BOSTON (AP) – Nearly 200 inmates have been released from prison and their cases put on hold as a result of a Massachusetts state drug testing lab scandal.
Public Safety Secretary Mary Beth Heffernan told lawmakers at a public hearing Wednesday that while investigators are looking at about 34,000 cases overall, 195 individuals have been released, 79 in Boston.
Heffernan said their release doesn’t mean they have been exonerated. She didn’t say what kinds of crimes they had been convicted of, but said they could be under alternative forms of supervision as they await future court hearings to resolve their cases.
An aide to Heffernan later declined to release any information about the past convictions, citing the state’s criminal offender record law. A handful of those released have since been re-arrested.
Heffernan said the administration is “committed to ensuring that each individual’s case is reviewed completely to ensure that justice has been administered properly.”
The hearing comes as authorities continue to deal with the fallout from a scandal that threatens to unravel thousands of criminal cases after a Massachusetts chemist was accused of faking drug test results.
On Tuesday, officials said Gov. Deval Patrick has ordered a “file-by-file review” of every case handled by the chemist, Annie Dookhan, who investigators said manipulated drug samples at a former Department of Public Health drug lab where she worked for nine years.
The drug testing lab, which was overseen by the Department of Public Health, has since been closed. It’s testing has turned over to the state police.
At Wednesday’s hearing, Health and Human Services Secretary JudyAnn Bigby said the lack of national accreditation at the lab was one factor that contributed to its troubles.
Bigby also said the fact that Dookhan performed so many more tests than other lab workers _ sometimes working evenings and weekends _ should have been a red flag.
“She was viewed as a hard-working employee who did what she could to get the testing done,” Bigby said, adding that Dookhan didn’t profit monetarily from such high productivity.
“I can’t speak to Annie Dookhan’s motives,” she added.
Heffernan said the state has an overall backlog of 10,300 cases that require drug testing. She is requesting $3.4 million to close that gap. The money would go to hiring more personnel and updating equipment.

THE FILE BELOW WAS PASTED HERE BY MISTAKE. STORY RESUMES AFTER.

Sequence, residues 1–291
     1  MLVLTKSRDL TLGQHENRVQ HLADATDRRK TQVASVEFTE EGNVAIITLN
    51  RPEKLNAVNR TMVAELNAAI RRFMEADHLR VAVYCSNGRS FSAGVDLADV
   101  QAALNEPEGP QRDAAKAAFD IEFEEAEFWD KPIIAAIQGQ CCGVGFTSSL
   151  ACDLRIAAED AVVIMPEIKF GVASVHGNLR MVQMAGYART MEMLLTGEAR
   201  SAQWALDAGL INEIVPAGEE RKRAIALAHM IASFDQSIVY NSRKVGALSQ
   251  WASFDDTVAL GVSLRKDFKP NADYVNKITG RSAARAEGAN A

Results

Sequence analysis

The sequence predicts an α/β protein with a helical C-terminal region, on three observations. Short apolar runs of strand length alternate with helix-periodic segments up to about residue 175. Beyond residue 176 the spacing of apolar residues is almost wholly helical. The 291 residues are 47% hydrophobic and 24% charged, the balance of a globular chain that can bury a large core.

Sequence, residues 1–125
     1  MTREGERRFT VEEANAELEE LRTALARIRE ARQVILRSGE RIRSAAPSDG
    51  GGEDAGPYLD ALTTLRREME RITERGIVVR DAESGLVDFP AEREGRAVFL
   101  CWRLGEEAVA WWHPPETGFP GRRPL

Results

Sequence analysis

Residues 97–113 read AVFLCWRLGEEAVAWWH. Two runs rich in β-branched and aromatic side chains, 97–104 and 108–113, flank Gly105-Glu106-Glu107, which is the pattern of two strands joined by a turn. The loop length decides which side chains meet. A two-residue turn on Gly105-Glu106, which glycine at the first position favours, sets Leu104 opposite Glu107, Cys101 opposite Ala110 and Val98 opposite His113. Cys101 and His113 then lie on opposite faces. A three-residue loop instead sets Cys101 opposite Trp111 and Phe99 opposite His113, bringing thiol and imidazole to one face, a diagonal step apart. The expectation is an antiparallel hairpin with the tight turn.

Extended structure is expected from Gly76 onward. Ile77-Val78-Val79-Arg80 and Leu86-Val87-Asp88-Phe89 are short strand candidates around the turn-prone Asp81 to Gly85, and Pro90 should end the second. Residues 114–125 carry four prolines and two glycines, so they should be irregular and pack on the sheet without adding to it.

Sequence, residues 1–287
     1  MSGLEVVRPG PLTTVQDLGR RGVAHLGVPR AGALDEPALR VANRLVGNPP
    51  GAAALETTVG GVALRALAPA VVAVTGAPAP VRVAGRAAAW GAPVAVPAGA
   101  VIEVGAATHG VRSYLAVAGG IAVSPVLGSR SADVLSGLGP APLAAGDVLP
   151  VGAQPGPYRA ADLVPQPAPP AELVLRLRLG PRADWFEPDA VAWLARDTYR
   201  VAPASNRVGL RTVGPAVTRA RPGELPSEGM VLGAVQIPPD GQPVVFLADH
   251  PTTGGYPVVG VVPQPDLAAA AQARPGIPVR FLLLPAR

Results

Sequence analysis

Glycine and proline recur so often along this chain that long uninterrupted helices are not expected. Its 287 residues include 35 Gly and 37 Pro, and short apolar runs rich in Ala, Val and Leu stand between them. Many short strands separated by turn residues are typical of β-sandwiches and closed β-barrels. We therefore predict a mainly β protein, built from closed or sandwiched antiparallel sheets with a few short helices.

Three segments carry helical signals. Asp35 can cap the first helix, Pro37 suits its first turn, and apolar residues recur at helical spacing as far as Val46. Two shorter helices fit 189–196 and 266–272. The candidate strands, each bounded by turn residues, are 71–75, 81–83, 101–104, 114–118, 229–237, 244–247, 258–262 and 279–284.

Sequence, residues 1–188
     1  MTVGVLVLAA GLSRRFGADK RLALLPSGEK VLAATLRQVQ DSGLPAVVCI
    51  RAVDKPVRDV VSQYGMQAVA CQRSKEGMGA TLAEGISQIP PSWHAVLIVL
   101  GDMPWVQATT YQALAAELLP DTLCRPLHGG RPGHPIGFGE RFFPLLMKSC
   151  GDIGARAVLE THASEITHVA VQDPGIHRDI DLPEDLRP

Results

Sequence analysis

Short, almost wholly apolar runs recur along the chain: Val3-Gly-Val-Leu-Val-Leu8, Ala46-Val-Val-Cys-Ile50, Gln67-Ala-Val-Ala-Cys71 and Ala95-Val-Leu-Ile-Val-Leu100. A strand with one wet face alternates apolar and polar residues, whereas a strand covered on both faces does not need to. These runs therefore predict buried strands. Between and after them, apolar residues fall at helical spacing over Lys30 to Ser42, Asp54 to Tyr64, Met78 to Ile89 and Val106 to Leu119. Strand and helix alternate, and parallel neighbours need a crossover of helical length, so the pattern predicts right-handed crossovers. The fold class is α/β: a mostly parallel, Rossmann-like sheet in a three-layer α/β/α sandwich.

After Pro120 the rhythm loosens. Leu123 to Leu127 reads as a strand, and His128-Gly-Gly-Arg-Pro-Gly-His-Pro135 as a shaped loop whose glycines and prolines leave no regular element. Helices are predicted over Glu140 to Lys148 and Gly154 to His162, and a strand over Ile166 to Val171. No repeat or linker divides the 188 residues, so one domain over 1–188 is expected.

It could take up to two years to clear the backlog, Heffernan said.
Heffernan noted that the state’s nine police labs have all been accredited by the American Society of Crime Laboratory Directors. As part of the accreditation process, the labs review employee productivity on a monthly basis.
“These monthly reviews are just one example of that would have been provided early detection that Ms. Dookhan’s unusually high output was cause for concern,” Heffernan told lawmakers.
Rep. Harold Naughton, House chairman of the Committee on Public Safety and Homeland Security, said the case is particularly troubling because it could jeopardize so many criminal convictions.
“We were supposed to be able to count on the work of our scientists,” he said. “Science was supposed to be the easy part.”
Bigby and Heffernan said some answers will have to wait until ongoing investigations into Dookhan are complete.
Massachusetts Attorney General Martha Coakley’s office is conducting a criminal investigation, while state Inspector General Glenn Cunha is reviewing whether the problems at the lab went beyond Dookhan and her immediate supervisor.
David Meier, a former state prosecutor appointed by Patrick to identify cases Dookhan worked on, said Tuesday that his team has identified about 10,000 people whose drug cases were potentially affected by the alleged misconduct.
The group initially focused on identifying about 2,000 people who were already in prison or in custody awaiting trial in cases in which Dookhan tested drugs. Those cases have been making their way through the courts in special sessions set up to handle the large number of legal challenges.
Dookhan, who is free on $10,000 bail, hasn’t responded to repeated requests for comment.
Patrick has filed a supplemental budget of $30 million to begin covering the costs of the investigation.
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